Ectopic pregnancy: Symptoms, Causes and Treatment

Ectopic pregnancy

What is an ectopic pregnancy?

A normal pregnancy is one where an egg comes in contact with a sperm and gets fertilized in the fallopian tube. This fertilized egg, then travels to the uterus, where it attaches itself of the lining and continues to grow in the uterus until delivery.

An Ectopic pregnancy on the other hand, is one when a fertilized egg implants in the fallopian tube or anywhere else outside the uterus. This cannot be predicted in advance. 1 in every 50 pregnancies turns out to be “ectopic” - meaning out of place. There's no possible way to move an ectopic foetus into your uterus. And ectopic pregnancies can be life threatening as they can rupture the place they are implanted in - most likely the fallopian tubes, resulting in a loss of blood. Hence, ending the pregnancy is the only option.

Causes of an ectopic pregnancy

Usually, after conception, the fertilized egg travels down one of the fallopian tubes enroute to your uterus. In the event that the tube is damaged, blocked or simply fails to move the egg along, it may become implant in the tube and continue to develop there.

Understand that an ectopic pregnancy is dangerous if it isn't diagnosed and treated. The embryo could continue to grow till the fallopian tube ruptures, which will in turn result in severe abdominal pain and bleeding. This may cause the woman to lose the tube forever and can in extreme cases, even lead to death. Hence, it is essential that it be diagnosed and treated as soon as possible.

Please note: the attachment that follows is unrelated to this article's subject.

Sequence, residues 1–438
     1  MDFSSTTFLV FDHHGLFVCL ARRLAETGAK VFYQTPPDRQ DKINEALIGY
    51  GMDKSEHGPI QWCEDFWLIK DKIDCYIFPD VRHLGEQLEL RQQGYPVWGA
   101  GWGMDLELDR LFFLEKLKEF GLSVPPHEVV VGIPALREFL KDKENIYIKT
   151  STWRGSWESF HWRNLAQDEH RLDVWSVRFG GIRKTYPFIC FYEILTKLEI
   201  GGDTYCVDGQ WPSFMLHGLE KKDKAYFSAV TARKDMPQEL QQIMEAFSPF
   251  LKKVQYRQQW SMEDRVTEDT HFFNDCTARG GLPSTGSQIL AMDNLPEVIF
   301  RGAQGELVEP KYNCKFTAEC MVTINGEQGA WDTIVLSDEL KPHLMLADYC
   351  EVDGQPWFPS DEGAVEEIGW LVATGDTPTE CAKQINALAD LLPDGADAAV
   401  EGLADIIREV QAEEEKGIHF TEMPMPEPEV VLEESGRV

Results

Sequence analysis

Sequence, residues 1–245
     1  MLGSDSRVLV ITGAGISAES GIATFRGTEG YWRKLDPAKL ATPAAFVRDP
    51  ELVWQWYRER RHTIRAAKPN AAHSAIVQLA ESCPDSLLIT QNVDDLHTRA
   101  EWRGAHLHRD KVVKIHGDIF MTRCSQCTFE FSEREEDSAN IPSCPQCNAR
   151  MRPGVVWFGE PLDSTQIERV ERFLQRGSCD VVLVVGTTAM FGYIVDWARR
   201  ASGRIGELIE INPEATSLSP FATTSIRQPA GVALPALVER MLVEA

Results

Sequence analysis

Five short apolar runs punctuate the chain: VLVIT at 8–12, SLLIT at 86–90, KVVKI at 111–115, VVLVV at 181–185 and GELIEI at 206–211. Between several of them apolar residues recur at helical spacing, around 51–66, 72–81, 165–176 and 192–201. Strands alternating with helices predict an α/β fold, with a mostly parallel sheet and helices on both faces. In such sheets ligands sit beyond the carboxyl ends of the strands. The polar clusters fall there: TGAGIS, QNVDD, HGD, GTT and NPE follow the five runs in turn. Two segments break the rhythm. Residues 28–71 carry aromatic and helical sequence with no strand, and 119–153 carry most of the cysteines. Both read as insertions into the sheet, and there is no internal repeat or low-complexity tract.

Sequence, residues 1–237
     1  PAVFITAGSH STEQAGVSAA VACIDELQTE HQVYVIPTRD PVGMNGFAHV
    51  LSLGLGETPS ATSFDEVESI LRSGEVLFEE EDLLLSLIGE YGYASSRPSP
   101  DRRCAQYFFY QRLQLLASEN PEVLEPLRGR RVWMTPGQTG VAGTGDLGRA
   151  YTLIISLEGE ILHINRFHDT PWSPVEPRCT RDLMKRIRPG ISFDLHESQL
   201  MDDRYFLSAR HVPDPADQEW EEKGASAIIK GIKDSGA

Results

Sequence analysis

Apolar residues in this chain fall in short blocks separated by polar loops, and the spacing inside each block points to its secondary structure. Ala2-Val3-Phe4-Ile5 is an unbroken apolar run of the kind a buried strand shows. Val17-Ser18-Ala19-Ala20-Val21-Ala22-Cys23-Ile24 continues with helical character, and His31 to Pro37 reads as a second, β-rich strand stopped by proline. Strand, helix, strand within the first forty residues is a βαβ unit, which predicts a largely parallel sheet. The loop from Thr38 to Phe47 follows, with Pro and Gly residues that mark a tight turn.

Ectopic pregnancy symptoms

A lot of the time, an ectopic pregnancy happens during the first few weeks of pregnancy when you may not even know you're pregnant.

The first symptoms of an ectopic pregnancy usually are light vaginal bleeding and pelvic pain. You may also experience:

  • Nausea and vomiting
  • Abdominal cramping
  • Pain on one side of your body
  • Fatigue and Dizziness
  • Pain in shoulder or rectum

It might be a bit tricky to diagnose an ectopic pregnancy till you go for an ultrasound of the baby because it presents like any other pregnancy in the beginning. Your gynecologist will be able to tell if your symptoms suggest this, and by doing an ultrasound and/or a blood test, this can be verified.

Is it possible to have a normal pregnancy after I've had an ectopic one?

Yes, it certainly is. But, it is important that you’ve ended your ectopic pregnancy early on, in that it did not damage any of your tubes, etc. This gives you a greater chance of carrying your baby all the way through. In the unfortunate event that you did lose one of your tubes, as long as your other tube is still normal, you may not require any reproductive assistance to get pregnant.

Dealing with the loss

You will probably be devastated by your loss. It’s as good as losing a baby. And to make matters worse, it may get more difficult for you to conceive again. You would’ve also undergone major surgery, leaving you exhausted and suffering a hormonal crash which could leave you feeling depressed as well. Take your time to recuperate, both emotionally and physically before immersing yourself in everyday life. Some people find that immersing oneself is exactly what they need. It is advisable however, to heal yourself a bit before getting pregnant again.